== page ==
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Plans to Improve Policies for a Fair Economy to Support the Fight Against COVID-19: Strengthening Rights of Specially-Engaged Workers


On May 15, 2020, the government announced plans to improve its policies aimed at creating a fairer economy to support the fight against COVID-19.  The announced plans include measures to strengthen rights of specially-engaged workers as below: 

1.   Strengthening fairness in terms and conditions of service contract provisions for specially-engaged workers 

  • The standard service agreement will be applied to the provision of services by those engaged in chauffeur work, express courier work, etc., and for those already subject to the standard agreement, such as insurance solicitors, the standard agreement will be improved.
  • In addition, the government will provide relevant guidelines for companies receiving such services.

2.   Extending Workers’ Compensation Insurance coverage to specially-engaged workers

  • While nine types of specially-engaged workers are currently covered by Workers’ Compensation Insurance, the coverage will be extended to five more occupations, including “door-to-door salespersons,” “visiting inspectors of rental products,” “visiting tutors,” “home appliance service engineers,” and “truck owners.”
  • The government will review possible strategies for improving policy, such as better standards for applying Workers’ Compensation Insurance to specially-engaged workers.

3.   Clarifying the standards for interpreting specially-engaged workers’ labor rights

  • Guidelines for determining the employee status of specially-engaged workers under the Trade Union and Labor Relations Adjustment Act (the “Union Act”) will be published to help such workers establish and operate labor unions.
  • The grounds for determining the employee status under the Union Act will be suggested in line with the following standards suggested by the Supreme Court in a case concerning home-study tutors (Supreme Court Decision 2015Du12598, June 15, 2018):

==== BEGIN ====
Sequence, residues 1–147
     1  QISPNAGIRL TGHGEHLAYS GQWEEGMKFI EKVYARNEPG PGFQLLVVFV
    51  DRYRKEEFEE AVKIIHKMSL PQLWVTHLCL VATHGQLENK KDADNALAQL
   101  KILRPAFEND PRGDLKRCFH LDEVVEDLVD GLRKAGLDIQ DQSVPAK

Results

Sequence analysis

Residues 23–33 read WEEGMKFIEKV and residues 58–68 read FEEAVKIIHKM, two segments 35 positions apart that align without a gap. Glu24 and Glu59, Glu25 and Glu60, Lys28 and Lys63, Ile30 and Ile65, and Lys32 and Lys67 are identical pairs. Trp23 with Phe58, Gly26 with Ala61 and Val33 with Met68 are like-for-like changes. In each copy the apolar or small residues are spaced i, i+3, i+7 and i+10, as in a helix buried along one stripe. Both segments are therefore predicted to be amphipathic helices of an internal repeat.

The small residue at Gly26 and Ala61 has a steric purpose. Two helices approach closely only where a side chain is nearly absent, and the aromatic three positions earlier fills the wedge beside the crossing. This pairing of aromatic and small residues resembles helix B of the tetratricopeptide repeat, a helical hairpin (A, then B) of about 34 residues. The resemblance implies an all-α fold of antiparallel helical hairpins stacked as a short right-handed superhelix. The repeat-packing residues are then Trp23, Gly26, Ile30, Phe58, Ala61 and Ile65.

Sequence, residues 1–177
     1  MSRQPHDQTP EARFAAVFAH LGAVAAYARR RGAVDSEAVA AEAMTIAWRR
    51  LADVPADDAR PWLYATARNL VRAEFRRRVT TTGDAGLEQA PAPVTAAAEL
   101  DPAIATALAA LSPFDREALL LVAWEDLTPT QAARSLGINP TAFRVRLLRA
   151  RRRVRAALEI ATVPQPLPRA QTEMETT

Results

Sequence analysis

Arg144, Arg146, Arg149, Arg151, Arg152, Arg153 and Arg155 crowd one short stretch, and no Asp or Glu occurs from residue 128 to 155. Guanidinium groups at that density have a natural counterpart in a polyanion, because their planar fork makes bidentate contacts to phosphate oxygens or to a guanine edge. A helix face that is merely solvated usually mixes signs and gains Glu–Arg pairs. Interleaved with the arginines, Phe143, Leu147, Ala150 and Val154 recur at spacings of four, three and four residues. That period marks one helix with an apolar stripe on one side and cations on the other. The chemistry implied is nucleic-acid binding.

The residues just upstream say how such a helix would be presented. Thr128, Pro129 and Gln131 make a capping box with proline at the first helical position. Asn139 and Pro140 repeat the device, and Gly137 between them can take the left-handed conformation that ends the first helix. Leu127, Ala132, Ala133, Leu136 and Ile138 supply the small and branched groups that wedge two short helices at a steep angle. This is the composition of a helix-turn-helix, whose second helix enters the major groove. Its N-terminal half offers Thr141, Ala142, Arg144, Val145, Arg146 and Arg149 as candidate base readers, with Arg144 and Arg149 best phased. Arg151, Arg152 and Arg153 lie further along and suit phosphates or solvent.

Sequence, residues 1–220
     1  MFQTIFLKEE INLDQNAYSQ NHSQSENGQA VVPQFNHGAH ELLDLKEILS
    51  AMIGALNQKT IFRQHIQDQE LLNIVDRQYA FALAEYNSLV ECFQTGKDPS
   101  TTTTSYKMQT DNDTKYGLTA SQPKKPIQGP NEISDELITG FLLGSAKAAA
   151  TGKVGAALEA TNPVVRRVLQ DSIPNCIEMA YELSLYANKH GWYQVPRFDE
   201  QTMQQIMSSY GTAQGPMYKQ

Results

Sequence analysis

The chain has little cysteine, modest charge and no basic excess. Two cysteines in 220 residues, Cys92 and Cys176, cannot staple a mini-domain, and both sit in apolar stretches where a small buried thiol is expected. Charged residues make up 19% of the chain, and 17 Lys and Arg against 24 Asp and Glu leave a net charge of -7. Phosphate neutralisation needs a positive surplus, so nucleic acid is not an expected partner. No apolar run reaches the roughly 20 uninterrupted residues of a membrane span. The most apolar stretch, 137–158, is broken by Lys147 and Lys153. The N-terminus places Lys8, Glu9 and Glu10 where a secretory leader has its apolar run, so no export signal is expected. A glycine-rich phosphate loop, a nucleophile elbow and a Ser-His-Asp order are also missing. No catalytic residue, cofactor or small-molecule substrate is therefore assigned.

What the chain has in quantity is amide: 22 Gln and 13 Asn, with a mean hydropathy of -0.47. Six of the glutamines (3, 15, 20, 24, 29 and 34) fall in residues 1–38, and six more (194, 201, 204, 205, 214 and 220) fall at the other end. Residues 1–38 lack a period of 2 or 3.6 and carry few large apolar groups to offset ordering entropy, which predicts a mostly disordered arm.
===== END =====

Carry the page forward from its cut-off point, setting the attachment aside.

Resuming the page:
• Whether the service provider’s main source of income comes from a certain business operator;
    • Whether the contents of the service agreement are unilaterally determined by a certain business operator;
    • Whether the service provider provides services essential to a certain business operator’s business;
    • Whether the relationship between the service provider and a certain business operator is continuous and exclusive;
    • Whether the service provider is subject to a certain business operator’s supervision and management to a certain degree; and
    • Whether the service provider’s income, including wages and salary, received from a certain business operator is in consideration for his/her service.

In addition to the aforementioned plans, there are ongoing discussions about protecting specially-engaged workers during the recent spread of COVID-19, such as applying unemployment insurance coverage to specially-engaged workers.  Even though a bill regarding application of unemployment insurance to specially-engaged workers failed to pass in the 20th National Assembly (which ended in connection with the April 15 legislative elections), it is highly likely to be passed in the 21st National Assembly, whose term has recently begun.  Furthermore, as seen in a case where a certificate of establishment of a labor union was recently issued to those engaged in maintenance services of rental products, such as water purifiers, there is a strong trend towards acknowledging the three basic labor rights for specially-engaged workers.  Therefore, it is advisable that employers proactively prepare for these future developments. 


[Korean version]